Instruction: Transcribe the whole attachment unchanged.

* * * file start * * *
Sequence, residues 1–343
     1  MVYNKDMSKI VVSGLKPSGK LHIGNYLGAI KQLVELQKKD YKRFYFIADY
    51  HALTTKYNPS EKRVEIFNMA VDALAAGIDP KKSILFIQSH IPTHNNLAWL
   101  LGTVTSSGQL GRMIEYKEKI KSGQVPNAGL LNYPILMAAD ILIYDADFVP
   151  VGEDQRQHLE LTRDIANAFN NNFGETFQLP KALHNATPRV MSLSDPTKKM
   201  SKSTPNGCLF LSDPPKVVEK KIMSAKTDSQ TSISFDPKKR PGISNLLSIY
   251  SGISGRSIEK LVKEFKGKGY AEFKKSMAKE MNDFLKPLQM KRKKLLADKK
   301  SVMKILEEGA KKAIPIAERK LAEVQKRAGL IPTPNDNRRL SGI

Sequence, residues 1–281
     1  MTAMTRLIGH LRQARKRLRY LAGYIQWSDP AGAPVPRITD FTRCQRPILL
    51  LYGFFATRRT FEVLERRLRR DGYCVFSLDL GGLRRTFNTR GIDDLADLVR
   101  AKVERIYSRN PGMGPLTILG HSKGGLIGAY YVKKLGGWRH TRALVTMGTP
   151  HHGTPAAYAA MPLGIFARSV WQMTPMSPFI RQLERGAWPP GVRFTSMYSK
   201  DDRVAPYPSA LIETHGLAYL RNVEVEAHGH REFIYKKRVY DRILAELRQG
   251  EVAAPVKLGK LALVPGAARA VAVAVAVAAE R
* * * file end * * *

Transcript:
Sequence, residues 1–343
     1  MVYNKDMSKI VVSGLKPSGK LHIGNYLGAI KQLVELQKKD YKRFYFIADY
    51  HALTTKYNPS EKRVEIFNMA VDALAAGIDP KKSILFIQSH IPTHNNLAWL
   101  LGTVTSSGQL GRMIEYKEKI KSGQVPNAGL LNYPILMAAD ILIYDADFVP
   151  VGEDQRQHLE LTRDIANAFN NNFGETFQLP KALHNATPRV MSLSDPTKKM
   201  SKSTPNGCLF LSDPPKVVEK KIMSAKTDSQ TSISFDPKKR PGISNLLSIY
   251  SGISGRSIEK LVKEFKGKGY AEFKKSMAKE MNDFLKPLQM KRKKLLADKK
   301  SVMKILEEGA KKAIPIAERK LAEVQKRAGL IPTPNDNRRL SGI

Sequence, residues 1–281
     1  MTAMTRLIGH LRQARKRLRY LAGYIQWSDP AGAPVPRITD FTRCQRPILL
    51  LYGFFATRRT FEVLERRLRR DGYCVFSLDL GGLRRTFNTR GIDDLADLVR
   101  AKVERIYSRN PGMGPLTILG HSKGGLIGAY YVKKLGGWRH TRALVTMGTP
   151  HHGTPAAYAA MPLGIFARSV WQMTPMSPFI RQLERGAWPP GVRFTSMYSK
   201  DDRVAPYPSA LIETHGLAYL RNVEVEAHGH REFIYKKRVY DRILAELRQG
   251  EVAAPVKLGK LALVPGAARA VAVAVAVAAE R